The Vancouver-based company mined over 780 new BTC in that quarter compared to 698 BTC in the previous quarter, representing an 11.7% increase.
Even with the increased production, HIVE posted quarterly revenue of only $14.5 million, down from $30.1 million realized in the previous quarter.
The figure reflects the crypto miner’s first full quarter without generating revenue from Ethereum mining following the blockchain’s transition to Proof-of-Stake last September. As a result, HIVE recorded a net loss of $25 million that quarter.
HIVE Reveals Its Plans for 2023
Despite the loss, HIVE’s CEO, Frank Holmes, is still optimistic about the miner’s future. That’s because the firm is preparing to roll out its HPC (HIVE Performance Cloud), which will use green energy for accelerated cloud computing.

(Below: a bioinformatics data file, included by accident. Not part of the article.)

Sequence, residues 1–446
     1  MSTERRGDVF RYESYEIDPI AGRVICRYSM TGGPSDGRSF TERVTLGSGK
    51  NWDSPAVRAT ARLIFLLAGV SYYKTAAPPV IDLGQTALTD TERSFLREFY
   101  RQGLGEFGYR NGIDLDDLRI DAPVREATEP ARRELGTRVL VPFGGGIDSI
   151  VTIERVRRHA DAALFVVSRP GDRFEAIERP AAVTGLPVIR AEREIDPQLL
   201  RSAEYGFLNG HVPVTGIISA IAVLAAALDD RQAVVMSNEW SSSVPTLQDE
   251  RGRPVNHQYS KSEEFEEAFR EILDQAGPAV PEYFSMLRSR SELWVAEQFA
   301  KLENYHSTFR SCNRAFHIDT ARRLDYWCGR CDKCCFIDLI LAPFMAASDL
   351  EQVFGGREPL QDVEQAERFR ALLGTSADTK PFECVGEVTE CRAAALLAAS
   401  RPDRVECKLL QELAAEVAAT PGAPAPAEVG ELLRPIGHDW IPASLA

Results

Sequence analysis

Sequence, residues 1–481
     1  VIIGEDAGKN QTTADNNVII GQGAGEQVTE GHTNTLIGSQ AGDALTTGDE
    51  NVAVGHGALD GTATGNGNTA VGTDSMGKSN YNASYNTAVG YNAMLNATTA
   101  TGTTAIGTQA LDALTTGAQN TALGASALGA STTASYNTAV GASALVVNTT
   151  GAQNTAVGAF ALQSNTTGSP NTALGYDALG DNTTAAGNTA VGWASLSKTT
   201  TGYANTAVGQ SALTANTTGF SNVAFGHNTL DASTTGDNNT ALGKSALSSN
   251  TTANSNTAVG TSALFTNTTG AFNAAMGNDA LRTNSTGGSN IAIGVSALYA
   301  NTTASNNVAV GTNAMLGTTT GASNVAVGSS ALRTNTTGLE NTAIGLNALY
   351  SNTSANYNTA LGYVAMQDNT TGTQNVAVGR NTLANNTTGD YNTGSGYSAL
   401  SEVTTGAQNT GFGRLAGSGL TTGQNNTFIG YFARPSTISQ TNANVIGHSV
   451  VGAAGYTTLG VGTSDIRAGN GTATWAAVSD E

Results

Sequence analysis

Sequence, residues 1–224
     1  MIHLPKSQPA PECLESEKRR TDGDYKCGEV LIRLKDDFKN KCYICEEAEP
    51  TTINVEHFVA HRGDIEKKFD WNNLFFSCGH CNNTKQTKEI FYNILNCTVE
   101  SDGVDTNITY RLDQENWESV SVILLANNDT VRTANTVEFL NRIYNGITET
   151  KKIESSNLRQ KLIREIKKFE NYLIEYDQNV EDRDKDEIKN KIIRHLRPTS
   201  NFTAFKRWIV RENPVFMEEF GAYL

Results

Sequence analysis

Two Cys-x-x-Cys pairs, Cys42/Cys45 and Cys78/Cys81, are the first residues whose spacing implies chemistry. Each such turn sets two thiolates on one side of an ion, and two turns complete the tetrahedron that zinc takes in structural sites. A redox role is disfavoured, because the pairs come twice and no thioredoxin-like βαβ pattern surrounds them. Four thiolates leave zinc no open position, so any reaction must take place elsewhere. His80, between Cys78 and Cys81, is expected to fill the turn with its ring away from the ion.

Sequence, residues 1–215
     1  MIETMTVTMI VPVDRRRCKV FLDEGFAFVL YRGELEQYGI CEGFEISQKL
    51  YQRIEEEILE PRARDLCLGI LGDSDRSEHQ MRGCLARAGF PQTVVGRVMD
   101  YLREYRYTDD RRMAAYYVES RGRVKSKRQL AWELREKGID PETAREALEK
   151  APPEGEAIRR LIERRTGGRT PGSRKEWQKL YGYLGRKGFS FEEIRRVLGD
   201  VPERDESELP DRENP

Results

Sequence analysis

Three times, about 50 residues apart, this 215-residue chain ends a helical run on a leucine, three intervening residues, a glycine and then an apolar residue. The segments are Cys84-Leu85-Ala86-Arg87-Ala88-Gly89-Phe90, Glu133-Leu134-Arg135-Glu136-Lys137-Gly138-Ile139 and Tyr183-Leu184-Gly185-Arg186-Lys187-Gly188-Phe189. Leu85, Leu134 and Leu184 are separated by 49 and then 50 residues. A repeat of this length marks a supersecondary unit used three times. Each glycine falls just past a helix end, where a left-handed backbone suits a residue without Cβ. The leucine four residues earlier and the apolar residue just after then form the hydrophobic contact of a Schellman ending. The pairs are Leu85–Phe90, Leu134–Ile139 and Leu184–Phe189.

HPC is set to launch around June this year. According to Holmes, it could be used for businesses outside the blockchain industry. He suggested that HIVE may tap into the AI space, which has seen increased growth in recent months.
Other Crypto Miners Struggle to Keep Operations Running
While HIVE continues to expand its production, its rivals are still struggling to keep their businesses afloat. For example, crypto miners Core Scientific and Compute North filed for bankruptcy late last year. In addition, several other miners converted their BItcoin reserves to cash to prevent liquidity crises.
On the contrary, HIVE increased its BTC holdings by over 35% last year. As of December 31, the crypto miner had 2,400 Bitcoin in reserve.
HIVE also applies a grid-balancing strategy to generate extra revenue. In December, the crypto miner sold its power back to the grid in the peak demand period, realizing revenue of $3.2 million in the process.
Despite low Bitcoin prices and increased mining difficulty, some miners have continued producing more BTC. For example, crypto miner Riot reported that it had mined 750 BTC in January, marking its new all-time high.